<!-- ############################## -->

    Liquid :~)

  12. How can I get JAAS work with the declarative security model of the web tier? I want to set the security-constraints in the 'web.xml' and leave the login-config empty. Instead I have a custom login (LoginModule/CallbackHandler) using JAAS that should be used.
    For the EJB tier this works fine, but I have no idea how to achieve this on the web tier.
    BTW: how can I get the 'modified' sample application mentioned in the paper?

  13. Sample code is available at http://www.mooreds.com

    Thanks everyone for your comments.

  14. <quote>
    I'd like to understand the advantage of JAAS over Declarative security defined in your web application's deployment descriptor (web.xml)-- see below.

    IMO, it's more like JAAS + declarative security defined in your web.xml. JAAS provides a standard API to "plug" some custom security real (e.g LDAP) into your app server, if access to that realm is not provided by the app server vendor.

    The app will still use the declarative security definitions from web.xml (I hope) but user authentication and mapping of users to groups would come from the custom security realm.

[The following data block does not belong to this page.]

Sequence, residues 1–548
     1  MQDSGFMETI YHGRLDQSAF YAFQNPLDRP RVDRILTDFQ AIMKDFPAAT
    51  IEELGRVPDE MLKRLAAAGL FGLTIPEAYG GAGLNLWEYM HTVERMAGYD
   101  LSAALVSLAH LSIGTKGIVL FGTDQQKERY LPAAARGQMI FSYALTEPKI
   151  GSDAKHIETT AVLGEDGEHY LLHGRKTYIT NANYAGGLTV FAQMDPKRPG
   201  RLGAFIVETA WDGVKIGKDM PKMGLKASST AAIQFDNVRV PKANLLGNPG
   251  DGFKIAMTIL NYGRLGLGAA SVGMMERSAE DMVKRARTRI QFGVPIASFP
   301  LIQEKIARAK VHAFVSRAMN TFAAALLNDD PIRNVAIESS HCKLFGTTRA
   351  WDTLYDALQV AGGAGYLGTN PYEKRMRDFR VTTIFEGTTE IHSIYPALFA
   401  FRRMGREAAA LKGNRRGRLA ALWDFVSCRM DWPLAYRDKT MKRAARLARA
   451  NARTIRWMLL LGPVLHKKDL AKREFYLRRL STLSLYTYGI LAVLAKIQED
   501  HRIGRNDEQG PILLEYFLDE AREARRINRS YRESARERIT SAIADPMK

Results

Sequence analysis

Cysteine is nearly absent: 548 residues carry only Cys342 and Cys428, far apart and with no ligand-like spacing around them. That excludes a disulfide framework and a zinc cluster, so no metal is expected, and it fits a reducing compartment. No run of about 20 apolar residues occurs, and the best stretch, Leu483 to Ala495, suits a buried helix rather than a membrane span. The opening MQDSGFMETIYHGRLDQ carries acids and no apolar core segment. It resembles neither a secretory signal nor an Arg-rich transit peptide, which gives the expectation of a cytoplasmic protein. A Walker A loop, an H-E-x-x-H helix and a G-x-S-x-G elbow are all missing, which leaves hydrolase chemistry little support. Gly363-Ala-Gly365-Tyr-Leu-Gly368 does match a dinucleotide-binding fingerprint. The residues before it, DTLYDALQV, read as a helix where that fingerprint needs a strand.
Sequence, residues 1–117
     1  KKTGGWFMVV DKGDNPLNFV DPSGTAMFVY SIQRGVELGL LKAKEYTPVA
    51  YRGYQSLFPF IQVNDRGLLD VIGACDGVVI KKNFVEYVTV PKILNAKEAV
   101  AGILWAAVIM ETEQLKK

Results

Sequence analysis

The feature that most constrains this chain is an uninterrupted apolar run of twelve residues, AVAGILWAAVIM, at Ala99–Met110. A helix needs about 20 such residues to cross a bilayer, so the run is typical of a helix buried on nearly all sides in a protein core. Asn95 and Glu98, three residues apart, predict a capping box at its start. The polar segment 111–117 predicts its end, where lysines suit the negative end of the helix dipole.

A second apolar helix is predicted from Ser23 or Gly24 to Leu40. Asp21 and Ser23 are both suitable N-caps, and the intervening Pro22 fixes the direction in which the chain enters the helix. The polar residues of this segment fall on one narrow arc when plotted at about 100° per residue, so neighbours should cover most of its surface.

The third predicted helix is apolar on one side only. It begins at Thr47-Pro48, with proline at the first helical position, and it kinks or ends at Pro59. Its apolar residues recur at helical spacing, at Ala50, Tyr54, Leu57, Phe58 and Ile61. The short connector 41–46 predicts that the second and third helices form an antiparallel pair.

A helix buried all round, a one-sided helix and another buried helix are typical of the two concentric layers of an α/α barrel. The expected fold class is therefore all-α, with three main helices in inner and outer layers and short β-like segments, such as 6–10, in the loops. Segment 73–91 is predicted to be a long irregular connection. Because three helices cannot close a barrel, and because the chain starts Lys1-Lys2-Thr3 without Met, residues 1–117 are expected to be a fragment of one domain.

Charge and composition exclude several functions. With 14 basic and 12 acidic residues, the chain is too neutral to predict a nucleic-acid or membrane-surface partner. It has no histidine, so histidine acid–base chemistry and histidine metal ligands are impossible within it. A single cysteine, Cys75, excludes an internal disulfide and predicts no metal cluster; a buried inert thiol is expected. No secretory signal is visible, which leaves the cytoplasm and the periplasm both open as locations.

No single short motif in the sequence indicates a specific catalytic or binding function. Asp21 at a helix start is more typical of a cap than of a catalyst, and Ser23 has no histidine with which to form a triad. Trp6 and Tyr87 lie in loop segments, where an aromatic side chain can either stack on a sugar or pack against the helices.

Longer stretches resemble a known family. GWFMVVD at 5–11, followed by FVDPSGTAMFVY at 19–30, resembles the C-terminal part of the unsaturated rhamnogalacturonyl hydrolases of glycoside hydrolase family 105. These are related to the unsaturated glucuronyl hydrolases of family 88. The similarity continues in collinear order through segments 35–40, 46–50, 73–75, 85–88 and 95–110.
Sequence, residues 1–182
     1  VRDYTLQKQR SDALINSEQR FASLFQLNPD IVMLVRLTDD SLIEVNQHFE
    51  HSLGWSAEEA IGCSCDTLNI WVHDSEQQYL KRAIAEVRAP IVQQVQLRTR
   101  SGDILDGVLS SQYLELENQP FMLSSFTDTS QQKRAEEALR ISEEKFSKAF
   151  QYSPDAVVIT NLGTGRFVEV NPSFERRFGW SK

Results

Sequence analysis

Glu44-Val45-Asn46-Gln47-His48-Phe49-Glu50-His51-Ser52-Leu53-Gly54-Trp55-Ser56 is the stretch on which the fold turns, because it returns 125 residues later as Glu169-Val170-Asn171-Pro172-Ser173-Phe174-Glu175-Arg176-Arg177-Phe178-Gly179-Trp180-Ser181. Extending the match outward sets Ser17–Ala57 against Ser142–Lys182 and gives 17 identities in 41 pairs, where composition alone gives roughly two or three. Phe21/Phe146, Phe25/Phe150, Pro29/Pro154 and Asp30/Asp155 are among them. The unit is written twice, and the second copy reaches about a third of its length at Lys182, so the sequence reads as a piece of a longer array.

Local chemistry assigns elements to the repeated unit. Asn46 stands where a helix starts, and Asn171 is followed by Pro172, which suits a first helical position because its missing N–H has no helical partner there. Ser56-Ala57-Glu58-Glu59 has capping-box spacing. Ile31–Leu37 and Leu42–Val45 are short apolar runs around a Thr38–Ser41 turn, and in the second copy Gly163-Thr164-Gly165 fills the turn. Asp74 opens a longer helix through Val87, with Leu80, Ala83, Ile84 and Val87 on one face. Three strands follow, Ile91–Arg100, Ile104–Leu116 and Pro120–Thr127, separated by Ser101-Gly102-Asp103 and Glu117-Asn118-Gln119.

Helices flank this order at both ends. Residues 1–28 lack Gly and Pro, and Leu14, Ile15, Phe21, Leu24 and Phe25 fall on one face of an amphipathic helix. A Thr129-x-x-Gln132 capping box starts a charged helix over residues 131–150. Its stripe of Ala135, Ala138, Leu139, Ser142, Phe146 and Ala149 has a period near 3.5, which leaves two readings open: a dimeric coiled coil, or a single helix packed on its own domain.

15. For me, the most telling comment comes in the final paragraph:

    "...the reader will have noted the number of places where parts of the system need to be replaced to create a production system..."

    When I looked at JAAS authorisation, it seemed impossible to produce a system that supports sophisticated and user-modifiable security policies without "replacing parts of the system".

    For example, if you want to restrict access to data based on the "ownership" of that data, or based on whether a value falls within a particular range, then there is no way of avoiding extending/replacing the related JAAS parts. A similar issue arises if you want to store your security policy somewhere other than in a file. Given this, I wonder whether JAAS gives you enough additional "extras" to make its use worthwhile in applications that require a more complex security policy model.

    I'd be curious to know, of the people using JAAS for authorisation, what are the things (if any) that you find yourselves replacing/extending and does it add up to a considerable amount of work?

  16. I don't uderstand how the web tier authentication can be propogated to the EJB container.